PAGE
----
A 21st Century Journalism Project

Working with love

In People on May 1, 2012 at 12:29 pm

By: Enid Lindenberg

For Melanie*, being a graduate student at Edinboro University is hard enough. She has to balance her classes, reading, and schoolwork as well as her graduate assistantship. She works 18 hours a week to lower her tuition costs.

Melanie also works a second job at a local veterinarian hospital, milks cows on a local dairy farm every morning during the week, and is a single mother of a precocious four-year-old with Down’s syndrome. On top of all of her responsibilities and commitments, she suffers from anxiety and depression.

Teen with depression

In Melanie’s position, it wouldn’t be much of a stretch to develop anxiety and depression on top of such a busy life. Yet for her, it started about 15 years before.

At 13, most girls are struggling with the onset of puberty, school and the pressure by society to be “popular”. All teenagers feel this pressure in one way or another; it seems to be a part of adolescence, accompanied usually with braces and acne.

“I was 13 when I first started having anxiety and depression problems. They were both culprits when it came to academic and athletic achievement. Depression when I didn’t achieve desired results, thinking I was not good enough, etc. Anxiety that I would be punished if I didn’t get good grades or achieve other high standards.”


This isn’t completely uncommon, as a result of the influx of hormones from puberty. Though for Melanie, it seemed to get worse once she was 17 and 18, instead of better. She met her (now ex) husband around that time and shortly thereafter, began seeing a psychologist weekly.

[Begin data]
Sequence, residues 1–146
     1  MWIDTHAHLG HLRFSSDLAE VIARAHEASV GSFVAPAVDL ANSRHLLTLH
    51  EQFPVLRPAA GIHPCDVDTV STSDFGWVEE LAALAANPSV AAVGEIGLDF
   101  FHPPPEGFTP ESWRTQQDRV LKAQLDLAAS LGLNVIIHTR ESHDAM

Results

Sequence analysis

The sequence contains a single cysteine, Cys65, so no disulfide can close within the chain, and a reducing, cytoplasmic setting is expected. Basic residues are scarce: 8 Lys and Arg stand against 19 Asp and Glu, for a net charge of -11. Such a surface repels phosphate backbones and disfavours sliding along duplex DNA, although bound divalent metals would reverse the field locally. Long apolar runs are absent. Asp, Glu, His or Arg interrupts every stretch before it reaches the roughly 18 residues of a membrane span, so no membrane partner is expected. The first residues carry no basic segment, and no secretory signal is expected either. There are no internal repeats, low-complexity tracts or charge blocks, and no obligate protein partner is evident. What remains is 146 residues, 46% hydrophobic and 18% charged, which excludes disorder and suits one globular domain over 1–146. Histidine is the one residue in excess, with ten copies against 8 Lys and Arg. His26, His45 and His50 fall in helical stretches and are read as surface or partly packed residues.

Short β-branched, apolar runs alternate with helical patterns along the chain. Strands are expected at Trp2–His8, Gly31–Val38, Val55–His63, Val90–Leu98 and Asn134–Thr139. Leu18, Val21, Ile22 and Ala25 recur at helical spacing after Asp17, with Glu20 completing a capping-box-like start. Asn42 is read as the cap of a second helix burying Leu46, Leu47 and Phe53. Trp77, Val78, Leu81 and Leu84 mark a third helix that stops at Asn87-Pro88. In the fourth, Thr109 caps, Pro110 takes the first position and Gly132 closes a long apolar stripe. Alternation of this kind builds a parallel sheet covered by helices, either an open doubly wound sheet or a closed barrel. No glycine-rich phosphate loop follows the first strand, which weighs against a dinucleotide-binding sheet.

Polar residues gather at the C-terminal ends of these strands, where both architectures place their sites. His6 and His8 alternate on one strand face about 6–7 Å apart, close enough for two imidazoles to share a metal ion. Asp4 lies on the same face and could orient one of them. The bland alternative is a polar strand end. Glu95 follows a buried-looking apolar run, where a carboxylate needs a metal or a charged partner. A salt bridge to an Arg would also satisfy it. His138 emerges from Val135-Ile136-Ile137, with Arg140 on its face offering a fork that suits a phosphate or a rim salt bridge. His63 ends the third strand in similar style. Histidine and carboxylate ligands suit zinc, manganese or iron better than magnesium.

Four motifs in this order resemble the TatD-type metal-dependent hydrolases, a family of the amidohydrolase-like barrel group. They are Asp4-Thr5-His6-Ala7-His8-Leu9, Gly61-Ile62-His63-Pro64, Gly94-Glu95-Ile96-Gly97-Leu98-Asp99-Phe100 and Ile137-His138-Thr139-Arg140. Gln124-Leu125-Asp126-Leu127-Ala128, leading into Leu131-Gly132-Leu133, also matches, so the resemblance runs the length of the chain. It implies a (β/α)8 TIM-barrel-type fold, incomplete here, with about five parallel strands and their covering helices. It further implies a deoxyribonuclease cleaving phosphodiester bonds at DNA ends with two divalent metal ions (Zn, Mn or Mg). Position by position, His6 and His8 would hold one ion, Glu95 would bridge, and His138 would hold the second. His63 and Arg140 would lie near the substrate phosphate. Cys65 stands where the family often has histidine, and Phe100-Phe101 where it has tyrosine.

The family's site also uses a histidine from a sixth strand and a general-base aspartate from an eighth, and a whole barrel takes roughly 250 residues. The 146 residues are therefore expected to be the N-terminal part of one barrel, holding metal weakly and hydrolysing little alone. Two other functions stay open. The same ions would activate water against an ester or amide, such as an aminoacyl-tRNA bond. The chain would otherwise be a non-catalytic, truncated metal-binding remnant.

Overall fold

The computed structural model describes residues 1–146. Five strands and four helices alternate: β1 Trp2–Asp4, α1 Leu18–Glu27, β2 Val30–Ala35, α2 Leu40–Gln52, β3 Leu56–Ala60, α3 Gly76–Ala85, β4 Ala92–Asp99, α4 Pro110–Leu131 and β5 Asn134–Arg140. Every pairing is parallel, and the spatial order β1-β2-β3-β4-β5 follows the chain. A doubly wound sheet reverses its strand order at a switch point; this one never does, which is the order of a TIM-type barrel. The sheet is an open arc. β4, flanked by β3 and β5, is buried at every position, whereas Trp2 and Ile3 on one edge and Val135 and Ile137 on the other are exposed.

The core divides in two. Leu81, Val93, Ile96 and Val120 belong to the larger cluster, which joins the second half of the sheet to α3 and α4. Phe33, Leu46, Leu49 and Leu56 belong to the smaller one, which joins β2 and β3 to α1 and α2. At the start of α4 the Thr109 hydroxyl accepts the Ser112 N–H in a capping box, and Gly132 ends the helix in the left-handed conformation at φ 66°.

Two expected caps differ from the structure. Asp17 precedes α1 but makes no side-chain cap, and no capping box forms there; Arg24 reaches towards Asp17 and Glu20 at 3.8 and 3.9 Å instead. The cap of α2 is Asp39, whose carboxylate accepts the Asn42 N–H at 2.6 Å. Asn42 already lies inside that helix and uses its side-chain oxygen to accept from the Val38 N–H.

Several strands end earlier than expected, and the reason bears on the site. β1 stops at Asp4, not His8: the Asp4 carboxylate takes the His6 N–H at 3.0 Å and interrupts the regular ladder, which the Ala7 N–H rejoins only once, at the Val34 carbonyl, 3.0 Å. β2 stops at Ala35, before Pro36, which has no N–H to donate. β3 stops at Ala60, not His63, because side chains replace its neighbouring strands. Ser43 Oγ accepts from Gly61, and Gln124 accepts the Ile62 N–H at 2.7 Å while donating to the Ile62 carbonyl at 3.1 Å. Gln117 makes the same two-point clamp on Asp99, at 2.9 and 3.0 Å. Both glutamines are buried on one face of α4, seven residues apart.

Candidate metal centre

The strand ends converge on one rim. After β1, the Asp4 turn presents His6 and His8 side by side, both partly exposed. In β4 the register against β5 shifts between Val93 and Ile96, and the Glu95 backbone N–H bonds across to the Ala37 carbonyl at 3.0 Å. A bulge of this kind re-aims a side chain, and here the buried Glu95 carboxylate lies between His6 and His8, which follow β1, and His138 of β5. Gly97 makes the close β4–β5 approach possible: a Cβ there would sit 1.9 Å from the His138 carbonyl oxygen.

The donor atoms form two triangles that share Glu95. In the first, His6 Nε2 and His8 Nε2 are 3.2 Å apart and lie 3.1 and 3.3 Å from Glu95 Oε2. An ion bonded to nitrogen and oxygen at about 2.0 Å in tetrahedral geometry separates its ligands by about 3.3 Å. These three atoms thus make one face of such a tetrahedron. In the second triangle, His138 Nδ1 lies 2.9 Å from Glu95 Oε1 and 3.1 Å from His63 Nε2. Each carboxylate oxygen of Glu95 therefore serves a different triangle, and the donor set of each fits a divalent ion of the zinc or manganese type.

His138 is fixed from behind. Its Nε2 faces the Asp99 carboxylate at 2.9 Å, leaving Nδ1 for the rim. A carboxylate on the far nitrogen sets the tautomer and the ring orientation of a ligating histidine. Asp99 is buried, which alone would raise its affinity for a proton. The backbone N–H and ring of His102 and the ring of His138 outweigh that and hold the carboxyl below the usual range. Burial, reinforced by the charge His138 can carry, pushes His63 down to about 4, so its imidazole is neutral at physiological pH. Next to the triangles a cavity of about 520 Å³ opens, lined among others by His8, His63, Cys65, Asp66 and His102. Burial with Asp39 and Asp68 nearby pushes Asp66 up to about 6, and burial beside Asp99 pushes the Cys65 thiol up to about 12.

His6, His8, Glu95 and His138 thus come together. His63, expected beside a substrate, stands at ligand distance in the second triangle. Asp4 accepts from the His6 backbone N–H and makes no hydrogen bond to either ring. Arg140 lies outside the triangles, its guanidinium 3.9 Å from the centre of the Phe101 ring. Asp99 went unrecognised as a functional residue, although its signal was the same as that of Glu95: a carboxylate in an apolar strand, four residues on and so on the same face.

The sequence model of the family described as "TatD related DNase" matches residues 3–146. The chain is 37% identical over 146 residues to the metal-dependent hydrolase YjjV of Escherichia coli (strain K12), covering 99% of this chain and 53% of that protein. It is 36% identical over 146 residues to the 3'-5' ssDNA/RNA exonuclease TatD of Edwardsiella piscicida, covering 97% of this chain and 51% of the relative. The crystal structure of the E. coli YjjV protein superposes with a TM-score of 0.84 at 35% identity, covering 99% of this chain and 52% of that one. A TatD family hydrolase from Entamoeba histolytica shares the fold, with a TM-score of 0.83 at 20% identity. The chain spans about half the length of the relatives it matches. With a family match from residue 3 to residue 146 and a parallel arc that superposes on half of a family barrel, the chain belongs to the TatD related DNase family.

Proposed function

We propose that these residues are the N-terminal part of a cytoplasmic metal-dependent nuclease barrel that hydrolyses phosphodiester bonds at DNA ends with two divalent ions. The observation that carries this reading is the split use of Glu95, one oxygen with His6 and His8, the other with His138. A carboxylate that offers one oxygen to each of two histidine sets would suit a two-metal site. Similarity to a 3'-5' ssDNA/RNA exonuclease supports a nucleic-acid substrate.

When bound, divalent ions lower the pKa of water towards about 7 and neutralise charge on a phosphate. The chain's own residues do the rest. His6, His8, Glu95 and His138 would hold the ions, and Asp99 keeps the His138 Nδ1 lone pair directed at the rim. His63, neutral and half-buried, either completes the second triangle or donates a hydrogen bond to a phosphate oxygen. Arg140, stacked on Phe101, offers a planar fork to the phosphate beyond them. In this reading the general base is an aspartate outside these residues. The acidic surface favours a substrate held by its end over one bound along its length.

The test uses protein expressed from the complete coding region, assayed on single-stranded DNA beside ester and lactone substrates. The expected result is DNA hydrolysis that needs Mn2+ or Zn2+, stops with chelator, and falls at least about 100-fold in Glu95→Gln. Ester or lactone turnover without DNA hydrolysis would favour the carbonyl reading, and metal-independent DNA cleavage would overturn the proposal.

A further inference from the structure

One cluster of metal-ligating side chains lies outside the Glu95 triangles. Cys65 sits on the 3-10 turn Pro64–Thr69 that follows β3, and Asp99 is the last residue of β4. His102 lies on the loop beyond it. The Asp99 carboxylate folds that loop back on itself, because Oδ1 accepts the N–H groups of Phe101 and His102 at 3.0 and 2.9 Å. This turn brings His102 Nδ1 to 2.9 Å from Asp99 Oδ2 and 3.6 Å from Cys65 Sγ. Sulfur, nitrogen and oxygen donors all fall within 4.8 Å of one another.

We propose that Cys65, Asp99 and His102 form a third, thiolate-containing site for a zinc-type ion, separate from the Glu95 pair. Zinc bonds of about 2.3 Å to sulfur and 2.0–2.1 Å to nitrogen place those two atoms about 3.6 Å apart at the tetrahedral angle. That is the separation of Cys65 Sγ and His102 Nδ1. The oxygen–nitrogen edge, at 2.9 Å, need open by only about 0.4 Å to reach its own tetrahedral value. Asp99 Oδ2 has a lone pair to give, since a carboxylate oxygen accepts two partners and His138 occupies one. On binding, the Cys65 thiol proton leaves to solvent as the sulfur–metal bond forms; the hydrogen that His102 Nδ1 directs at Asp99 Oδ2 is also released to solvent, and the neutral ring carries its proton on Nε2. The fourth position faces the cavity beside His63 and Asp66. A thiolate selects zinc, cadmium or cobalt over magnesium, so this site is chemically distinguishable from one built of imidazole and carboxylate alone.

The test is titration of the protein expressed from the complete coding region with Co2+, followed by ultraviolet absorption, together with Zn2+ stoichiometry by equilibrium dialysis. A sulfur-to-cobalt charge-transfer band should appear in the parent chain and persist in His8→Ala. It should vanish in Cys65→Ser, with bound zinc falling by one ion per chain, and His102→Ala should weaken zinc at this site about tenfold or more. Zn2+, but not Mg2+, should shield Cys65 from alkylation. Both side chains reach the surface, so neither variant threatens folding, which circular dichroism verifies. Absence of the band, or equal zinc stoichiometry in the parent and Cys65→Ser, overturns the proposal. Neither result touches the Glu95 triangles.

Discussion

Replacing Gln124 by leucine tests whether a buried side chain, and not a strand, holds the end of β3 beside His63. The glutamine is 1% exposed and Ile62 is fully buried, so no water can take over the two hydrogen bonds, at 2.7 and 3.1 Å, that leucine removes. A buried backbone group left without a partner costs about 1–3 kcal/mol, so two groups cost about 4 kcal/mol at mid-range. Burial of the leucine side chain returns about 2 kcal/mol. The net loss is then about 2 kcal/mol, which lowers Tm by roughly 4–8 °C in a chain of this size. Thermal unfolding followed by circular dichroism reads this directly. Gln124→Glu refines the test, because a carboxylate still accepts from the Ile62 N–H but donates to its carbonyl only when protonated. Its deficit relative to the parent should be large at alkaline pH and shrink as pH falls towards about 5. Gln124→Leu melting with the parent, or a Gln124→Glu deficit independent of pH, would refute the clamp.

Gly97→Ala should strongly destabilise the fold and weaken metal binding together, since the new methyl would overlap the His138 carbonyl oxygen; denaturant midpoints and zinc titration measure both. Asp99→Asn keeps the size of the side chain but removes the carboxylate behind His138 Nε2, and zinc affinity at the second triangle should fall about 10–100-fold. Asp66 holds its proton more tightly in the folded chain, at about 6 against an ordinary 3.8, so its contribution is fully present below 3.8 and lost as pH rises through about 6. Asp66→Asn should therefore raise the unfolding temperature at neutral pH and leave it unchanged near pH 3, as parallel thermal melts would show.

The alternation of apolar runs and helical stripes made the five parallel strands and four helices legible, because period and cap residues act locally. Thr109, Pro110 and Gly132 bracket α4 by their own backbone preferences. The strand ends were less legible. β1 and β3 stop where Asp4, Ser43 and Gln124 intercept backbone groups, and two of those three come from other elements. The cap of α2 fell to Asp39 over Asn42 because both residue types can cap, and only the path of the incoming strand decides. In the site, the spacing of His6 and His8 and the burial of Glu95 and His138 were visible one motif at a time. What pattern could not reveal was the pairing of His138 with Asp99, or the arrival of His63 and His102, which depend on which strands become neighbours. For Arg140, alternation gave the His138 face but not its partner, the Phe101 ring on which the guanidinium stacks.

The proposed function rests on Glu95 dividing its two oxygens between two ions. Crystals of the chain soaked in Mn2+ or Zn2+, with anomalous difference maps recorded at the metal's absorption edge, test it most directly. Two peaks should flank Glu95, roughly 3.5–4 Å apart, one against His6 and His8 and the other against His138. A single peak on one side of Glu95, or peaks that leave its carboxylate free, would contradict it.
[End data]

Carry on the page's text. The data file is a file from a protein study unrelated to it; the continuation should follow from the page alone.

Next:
“I went weekly for a long time because it was difficult to keep everything in. The stress from everything I was dealing with would really drag me down, give me panic attacks or spells of sadness.”

Around the age of 22, Melanie and her husband tried for a baby. Nine months later, a healthy baby boy with Down syndrome was born. A blessing to their family and a promise of new experiences, not only did they have a baby but one with a chromosomal difference which makes him a little slower in learning than other babies.

Baby with Down syndrome

Baby with Down syndrome

“It’s a challenge sometimes but he’s the best thing that has happened to me. He’s had seven surgeries in his four years and it took him longer to walk, talk and tell me he loves me but every day is a new experience and I love him so much.”

Melanie lived happily for a handful of years with her husband, raising her son but around the time she was 26, things became rocky with her husband. Eventually, the choice was made to file for divorce, which became official last summer.

“My ex still is very involved with our son, which makes me happy. The stress of our relationship wasn’t worth it. We [Melanie and her son] moved back into my mom’s home because things became tighter but it could be worse.”

The loss of income from divorce and supporting a child were driving factors in her move back home, though her mother babysits is a willing baby-sitter, an added perk which also allowed Melanie to take another job to combat costs.

“I was so blessed to get the grad assistantship at Edinboro though it is a lot to juggle- being a single mom, being a student and working all week. But if there’s a will, there’s a way.”

Once her divorce was finalized, Melanie slowly stopped her weekly visits to her psychologist, going more on an as needed basis. Although she still deals with anxiety and depression, she is able to better cope with it.

“I am in more control of my emotions now, due to eliminating some negative life circumstances and anti-depressants. If anxiety occurs, I can manage with anti-anxiety meds, but if I am depressed, it takes longer to try to work through the negative feelings. I can sometimes lose drive and focus, while other times, I maintain both to keep my mind off the negatives.”

*Name has been changed


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